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Effects of heavy metal contamination released by petrochemical plants on marine life and water quality of coastal areas

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The present study attempts to assess the threat of water contamination in Persian Gulf by heavy metals (Fe, Cr, Pb, Cu, Zn, Cd, Se, and Ni) and its subsequent effects on five fish species including Scomberomorus guttatus (S. guttatus), Lethrinus nebulosus (L. nebulosus), Brachirus orientalis (B. orientalis), Pomadasys kaakan (P. kaakan), and Scomberomorus commerson (S. commerson). Water and fish samples from fourteen monitoring stations were obtained to determine the concentrations of contaminants in water and fish. Heavy metal pollution index (HMPI) and non-carcinogenic hazard quotient (NHQI) were employed to evaluate contamination level in water and fish muscle. The Kriging geostatistical method was employed to determine the spatial distribution of different heavy metals around petrochemical plants. The highest NHQI values for P. kaakan and B. orientalis species were 1.036 and 1.046, respectively. In both cases, the NHQI values were higher than the maximum allowable value of 1, indicating that both fish species were on the verge of contamination by heavy metals, which in turn makes the consumption of these fish highly hazardous to human health. The lowest NHQI value was observed in S. commerson species at a value of 0.394, indicating its harmlessness to human health. Overall, fish species living within the top 5 m of the water column (S. commerson and S. guttatus) were found to be less contaminated by heavy metals compared to species dwelling near the seafloor (P. kaakan and B. orientalis). Results also indicated the pollution absorption rate in S. commerson and S. guttatus were 0.45 and 3.4 mg/kg-year, while the corresponding values for the B. orientalis and L. nebulosus species were 6 and 2 mg/kg-year, respectively. P. kaakan species showed a pollution absorption rate of 3.2 mg/kg-year. High heavy metal concentrations of 4.8, 10, 9.8, 5.2, 9.4, and 6.7 mg/L were obtained for Cr, Zn, Pb, Ni, Fe, Cu, and Cd, respectively, in water samples obtained from stations nearby petrochemical plants. The HMPI index for the most contaminated stations was ten times that of the maximum allowable limit. Given the intense activity of oil, gas, and petrochemical plants in the Persian Gulf, defining safe fishing areas by management practices similar to contamination zoning maps presented in this study can substantially protect the public health from heavy metal contamination.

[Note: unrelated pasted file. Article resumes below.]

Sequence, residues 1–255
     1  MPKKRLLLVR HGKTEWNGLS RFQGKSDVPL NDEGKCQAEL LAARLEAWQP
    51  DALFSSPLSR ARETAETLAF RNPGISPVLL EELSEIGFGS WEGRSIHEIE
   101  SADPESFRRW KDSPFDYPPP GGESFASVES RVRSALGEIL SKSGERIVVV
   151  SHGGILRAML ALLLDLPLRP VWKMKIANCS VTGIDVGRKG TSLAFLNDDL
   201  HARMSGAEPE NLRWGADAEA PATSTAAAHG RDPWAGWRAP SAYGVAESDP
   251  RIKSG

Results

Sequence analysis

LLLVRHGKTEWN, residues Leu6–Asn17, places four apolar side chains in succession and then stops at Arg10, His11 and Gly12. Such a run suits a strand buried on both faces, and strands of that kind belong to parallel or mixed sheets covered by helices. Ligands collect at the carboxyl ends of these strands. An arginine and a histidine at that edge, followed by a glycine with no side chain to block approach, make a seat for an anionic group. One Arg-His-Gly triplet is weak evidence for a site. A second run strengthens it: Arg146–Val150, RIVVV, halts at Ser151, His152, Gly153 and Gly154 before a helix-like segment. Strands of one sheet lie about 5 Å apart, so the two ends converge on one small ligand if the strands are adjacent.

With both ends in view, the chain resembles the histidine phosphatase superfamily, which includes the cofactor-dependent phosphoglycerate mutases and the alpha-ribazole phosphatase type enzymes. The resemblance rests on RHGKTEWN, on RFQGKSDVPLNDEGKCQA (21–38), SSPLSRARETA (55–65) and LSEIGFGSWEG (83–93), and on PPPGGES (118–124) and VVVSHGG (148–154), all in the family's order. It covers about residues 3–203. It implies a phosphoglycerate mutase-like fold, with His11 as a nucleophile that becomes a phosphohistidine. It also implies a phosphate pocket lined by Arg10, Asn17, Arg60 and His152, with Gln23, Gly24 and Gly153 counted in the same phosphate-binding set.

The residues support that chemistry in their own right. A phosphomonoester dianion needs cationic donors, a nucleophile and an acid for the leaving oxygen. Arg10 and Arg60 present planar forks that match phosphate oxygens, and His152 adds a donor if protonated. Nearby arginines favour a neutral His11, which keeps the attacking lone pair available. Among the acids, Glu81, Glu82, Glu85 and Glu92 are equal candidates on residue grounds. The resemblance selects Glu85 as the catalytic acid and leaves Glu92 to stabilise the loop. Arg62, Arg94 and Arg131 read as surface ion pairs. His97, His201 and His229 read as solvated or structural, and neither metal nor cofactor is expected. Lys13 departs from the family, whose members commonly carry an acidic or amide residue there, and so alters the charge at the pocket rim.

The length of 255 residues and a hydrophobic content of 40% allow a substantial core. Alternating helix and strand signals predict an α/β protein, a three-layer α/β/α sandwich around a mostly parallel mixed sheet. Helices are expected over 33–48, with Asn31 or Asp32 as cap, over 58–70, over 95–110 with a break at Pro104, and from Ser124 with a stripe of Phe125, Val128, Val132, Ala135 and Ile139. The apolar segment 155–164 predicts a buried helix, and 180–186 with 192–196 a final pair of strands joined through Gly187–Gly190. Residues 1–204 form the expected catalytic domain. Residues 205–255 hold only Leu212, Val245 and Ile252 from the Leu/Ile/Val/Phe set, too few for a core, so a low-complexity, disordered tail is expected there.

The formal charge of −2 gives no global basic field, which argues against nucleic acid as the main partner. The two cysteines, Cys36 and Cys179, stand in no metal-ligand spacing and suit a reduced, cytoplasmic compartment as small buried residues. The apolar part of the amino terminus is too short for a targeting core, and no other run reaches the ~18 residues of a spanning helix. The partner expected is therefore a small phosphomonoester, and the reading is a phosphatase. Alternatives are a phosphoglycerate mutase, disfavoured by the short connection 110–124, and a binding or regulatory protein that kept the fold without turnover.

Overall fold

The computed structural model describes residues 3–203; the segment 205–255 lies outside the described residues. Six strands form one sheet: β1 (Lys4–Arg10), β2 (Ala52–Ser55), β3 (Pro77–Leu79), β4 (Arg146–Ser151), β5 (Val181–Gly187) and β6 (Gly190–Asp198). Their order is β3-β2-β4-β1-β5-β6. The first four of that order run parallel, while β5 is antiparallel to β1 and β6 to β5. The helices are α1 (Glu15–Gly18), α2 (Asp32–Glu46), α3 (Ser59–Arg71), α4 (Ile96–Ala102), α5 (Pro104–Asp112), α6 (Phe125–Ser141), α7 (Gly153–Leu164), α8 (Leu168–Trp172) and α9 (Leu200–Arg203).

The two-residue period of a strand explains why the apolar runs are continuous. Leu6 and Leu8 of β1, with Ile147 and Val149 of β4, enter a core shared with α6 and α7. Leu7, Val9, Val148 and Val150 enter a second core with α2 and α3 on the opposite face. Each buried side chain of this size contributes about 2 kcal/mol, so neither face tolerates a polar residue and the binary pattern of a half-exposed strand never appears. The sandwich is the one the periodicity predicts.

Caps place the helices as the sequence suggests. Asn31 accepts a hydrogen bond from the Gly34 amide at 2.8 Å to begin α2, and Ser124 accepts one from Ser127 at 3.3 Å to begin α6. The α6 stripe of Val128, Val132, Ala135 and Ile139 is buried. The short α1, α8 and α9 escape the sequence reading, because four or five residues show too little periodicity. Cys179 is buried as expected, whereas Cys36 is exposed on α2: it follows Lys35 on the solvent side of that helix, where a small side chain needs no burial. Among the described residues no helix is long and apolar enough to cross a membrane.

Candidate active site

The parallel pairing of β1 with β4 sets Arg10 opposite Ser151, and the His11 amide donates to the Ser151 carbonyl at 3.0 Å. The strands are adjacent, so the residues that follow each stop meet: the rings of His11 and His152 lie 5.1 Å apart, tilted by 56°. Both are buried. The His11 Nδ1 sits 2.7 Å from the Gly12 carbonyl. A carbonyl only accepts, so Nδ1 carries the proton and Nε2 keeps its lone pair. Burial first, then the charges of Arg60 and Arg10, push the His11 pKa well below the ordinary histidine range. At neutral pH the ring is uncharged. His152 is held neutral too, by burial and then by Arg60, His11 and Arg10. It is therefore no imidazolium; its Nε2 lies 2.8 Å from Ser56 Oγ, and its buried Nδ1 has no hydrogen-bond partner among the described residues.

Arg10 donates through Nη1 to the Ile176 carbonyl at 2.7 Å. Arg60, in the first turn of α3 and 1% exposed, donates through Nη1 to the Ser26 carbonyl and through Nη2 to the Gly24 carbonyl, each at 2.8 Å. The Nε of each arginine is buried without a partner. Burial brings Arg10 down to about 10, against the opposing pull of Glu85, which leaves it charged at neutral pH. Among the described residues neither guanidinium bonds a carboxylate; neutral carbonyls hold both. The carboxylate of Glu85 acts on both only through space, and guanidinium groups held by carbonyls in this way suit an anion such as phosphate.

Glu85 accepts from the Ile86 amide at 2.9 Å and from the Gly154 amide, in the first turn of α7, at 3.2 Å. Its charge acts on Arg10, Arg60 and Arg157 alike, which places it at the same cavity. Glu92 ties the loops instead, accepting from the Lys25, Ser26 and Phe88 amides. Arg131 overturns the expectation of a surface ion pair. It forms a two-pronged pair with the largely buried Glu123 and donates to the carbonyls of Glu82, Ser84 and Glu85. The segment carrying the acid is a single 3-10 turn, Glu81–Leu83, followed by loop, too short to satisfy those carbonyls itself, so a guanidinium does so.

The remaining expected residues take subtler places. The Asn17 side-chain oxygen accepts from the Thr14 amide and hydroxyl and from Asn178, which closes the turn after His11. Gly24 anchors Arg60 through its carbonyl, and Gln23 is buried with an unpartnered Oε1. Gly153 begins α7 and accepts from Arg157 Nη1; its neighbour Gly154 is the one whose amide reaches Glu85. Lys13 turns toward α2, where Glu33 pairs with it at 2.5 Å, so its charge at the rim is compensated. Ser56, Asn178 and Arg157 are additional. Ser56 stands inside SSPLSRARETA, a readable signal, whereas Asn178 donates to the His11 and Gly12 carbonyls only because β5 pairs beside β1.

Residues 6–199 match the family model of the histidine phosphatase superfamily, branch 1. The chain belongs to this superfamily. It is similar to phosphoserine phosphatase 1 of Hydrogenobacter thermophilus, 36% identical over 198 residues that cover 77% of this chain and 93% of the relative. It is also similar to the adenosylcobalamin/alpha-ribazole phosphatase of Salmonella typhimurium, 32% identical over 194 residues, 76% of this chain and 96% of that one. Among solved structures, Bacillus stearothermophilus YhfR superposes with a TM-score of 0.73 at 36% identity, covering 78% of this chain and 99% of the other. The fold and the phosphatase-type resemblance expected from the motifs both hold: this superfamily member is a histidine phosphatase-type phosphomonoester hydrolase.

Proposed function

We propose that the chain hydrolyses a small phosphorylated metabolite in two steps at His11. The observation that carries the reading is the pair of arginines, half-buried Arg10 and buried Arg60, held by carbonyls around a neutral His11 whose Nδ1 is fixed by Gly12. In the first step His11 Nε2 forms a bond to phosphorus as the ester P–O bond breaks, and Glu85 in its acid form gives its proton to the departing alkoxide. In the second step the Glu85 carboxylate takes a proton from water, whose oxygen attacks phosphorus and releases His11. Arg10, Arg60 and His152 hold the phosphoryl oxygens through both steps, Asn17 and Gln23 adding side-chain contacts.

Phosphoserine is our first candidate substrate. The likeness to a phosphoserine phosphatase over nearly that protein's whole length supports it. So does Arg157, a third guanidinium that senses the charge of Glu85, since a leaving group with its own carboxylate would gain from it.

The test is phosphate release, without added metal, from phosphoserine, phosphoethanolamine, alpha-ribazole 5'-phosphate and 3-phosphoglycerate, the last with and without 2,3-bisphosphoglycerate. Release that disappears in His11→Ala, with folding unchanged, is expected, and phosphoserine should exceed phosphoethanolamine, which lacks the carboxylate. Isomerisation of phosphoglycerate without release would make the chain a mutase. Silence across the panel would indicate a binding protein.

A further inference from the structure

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All processes data are provided in the manuscript and supplementary material. Raw data could be provided by the first author upon request.


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The authors would like to thank Shiraz University for providing financial support (238726-187) for this study.

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Marzieh Mokarram: Conceptualization, data curation, formal analysis, investigation, methodology, software, visualization, project administration, funding acquisition, writing — original draft, writing, review and editing. Ali Saber: Conceptualization, investigation, formal analysis, methodology, supervision, writing — review and editing. Razagh Obeidi: Conducting field work and lab experiments, writing — review and editing.

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Correspondence to Ali Saber.

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Mokarram, M., Saber, A. & Obeidi, R. Effects of heavy metal contamination released by petrochemical plants on marine life and water quality of coastal areas. Environ Sci Pollut Res 28, 51369–51383 (2021).

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